Swedish Death Cleaning, or Döstädning (literally “death cleaning”) is all about getting the clutter out of your house so your relatives do not have to deal with it when you die.
The idea is sound, who wants to leave piles of junk to their loved ones? More importantly, even when you are gone do you want them to find your collection of erm, ‘personal’ toys or private letters? In practice though, Swedish Death Cleaning reeks of Kon Marie. Not only am I insanely jealous of the money that Marie Kondo has made by tweely encouraging people to chuck everything out, I worry that it is not good for us. As a race, human beings bond to our belongings and they become part of us. Getting rid of everything is getting rid of a part of your personality. Ignoring that issue, though the main danger with big decluttering binges is that you can get carried away and get rid of things you later regret.
When should you consider big decluttering purges?
If you have only a couple of months left to live, please find something more fun to do than decluttering. If you have to urgently downsize for any reason you know that it is not rocket science. Get it all in a pile and ruthlessly choose what you can keep, get rid of the rest. Donate what you can, ask your friends to help themselves and enjoy your new minimal life before you reclutter with replacements for the things you threw away by accident in the moment.
Using the best bits of Swedish Death Cleaning
If you have an unknown quantity of time left on earth but want to make it easier for people to deal when you are gone, with then consider what you keep for them. The best bit of advice in The Gentle Art of Swedish Death Cleaning is to get rid of anything that might upset the living more once you are dead. “If you think the secrets will cause your loved ones harm or unhappiness, then make sure to destroy them.” And if you are thinking ahead, the question ‘Will anyone I know be happier if I save this?’ makes a lot of sense. Decluttering things that make you happy now because one day you won’t be here is crazy talk though. If whatever the thing is makes you feel good about yourself, keep it, no matter how old you are.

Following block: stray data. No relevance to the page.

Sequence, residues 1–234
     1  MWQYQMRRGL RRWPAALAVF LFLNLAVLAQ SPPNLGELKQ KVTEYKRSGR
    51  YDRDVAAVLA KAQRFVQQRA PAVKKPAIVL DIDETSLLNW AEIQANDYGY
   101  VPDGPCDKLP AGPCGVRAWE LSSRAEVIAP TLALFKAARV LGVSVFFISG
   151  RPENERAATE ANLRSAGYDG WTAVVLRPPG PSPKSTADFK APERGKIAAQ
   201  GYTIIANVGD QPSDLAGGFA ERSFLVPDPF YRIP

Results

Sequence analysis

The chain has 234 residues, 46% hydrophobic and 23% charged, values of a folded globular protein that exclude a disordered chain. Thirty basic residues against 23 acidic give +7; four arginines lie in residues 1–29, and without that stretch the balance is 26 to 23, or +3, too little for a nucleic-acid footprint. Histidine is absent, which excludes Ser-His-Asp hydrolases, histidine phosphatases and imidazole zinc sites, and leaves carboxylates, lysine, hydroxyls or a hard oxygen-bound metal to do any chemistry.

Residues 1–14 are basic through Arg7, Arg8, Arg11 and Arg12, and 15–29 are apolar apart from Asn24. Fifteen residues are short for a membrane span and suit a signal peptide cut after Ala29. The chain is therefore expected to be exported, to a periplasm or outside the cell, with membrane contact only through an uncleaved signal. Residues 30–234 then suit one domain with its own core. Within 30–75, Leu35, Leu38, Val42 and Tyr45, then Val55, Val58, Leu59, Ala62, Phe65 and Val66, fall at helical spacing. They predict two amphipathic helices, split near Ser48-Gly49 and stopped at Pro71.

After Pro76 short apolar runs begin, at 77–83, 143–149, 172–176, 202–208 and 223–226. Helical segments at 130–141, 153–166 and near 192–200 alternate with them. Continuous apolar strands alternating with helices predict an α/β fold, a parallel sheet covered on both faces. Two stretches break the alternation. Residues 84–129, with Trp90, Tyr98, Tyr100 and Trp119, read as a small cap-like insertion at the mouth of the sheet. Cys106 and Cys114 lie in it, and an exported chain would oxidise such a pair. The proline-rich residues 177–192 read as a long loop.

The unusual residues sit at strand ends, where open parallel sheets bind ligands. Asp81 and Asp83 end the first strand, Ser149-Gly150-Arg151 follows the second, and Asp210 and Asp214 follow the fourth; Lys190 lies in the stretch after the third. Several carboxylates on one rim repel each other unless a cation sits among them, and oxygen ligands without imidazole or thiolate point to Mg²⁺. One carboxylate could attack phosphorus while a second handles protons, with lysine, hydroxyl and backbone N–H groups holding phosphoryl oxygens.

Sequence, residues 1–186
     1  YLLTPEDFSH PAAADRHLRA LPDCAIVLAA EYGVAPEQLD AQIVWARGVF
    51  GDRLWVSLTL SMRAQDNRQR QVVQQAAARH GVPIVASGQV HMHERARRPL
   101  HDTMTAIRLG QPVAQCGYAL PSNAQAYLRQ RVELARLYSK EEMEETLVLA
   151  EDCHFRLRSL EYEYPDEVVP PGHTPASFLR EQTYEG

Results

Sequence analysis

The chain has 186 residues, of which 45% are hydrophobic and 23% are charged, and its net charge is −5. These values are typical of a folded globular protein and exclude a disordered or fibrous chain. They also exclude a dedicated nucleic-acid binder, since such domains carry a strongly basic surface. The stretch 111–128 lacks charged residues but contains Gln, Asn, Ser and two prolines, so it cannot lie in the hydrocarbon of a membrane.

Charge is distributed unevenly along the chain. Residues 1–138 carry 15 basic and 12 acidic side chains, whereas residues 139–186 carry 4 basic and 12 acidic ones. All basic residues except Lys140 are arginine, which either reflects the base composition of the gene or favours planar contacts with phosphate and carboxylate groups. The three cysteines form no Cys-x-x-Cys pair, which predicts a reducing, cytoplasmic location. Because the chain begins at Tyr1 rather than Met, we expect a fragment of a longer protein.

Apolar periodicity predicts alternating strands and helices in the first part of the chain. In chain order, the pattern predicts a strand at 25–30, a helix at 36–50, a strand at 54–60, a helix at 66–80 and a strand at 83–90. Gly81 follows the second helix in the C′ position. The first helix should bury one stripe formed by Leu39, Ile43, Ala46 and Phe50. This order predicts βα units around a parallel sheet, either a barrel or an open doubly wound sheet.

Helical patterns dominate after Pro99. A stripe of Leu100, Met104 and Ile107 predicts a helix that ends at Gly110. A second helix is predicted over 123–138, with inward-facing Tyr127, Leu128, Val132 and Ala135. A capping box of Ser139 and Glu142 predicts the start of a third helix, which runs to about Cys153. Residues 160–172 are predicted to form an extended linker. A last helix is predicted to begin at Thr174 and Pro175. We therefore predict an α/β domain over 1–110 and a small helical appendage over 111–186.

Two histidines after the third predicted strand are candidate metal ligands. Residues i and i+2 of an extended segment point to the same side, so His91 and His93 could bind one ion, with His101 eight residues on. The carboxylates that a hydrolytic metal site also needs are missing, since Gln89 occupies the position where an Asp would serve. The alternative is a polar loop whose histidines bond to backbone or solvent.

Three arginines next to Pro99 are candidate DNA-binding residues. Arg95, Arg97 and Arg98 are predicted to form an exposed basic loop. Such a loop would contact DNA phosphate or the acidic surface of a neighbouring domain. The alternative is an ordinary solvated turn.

Daily decluttering works better than purges
Crash diets work, they really do. You can shift pounds in a week by simply eating nothing. But crash diets are really not good for us and they do not last. There is growing evidence to prove that dieting actually makes us fatter as our bodies try to protect us from starving. Clutter diets are the same, take a week off work, get rid of all your stuff, live in a buzz of endorphins and tell everyone about your new minimal life, then realise that it would be quite nice to have a sofa again. Winter is coming and you don’t have a coat any more, what happened to that book with the story that makes you happy on a cold night and ohhh, that little cat statue would look really good on my empty white shelves…….
Try five a day
If you slowly get rid of just five things a day, for five days a week, that will mount up to over a thousand things decluttered in a year. Slow and gentle decluttering works in the same way that eating healthily instead of crash dieting does. Build up healthy habits and they will last. If you are faced with mountains of clutter and don’t know where to start I have written a very comforting book called The Elephants in the Room. ‘Elephants talks you through an easy decluttering process and will help you decide what to keep and what to ditch.
Celebrate living and get rid of anything that makes you feel bad
No matter who gave it to you, how much it cost or how much other people admire it, if a thing makes you feel bad in any way, get rid of it. If you have anything in your home that might make others feel bad if they found it, then I strongly suggest you get rid of that too. Swedish Death Cleaning is a step too far for this non minimalist but it does have some good advice that can be downsized instead of belongings.
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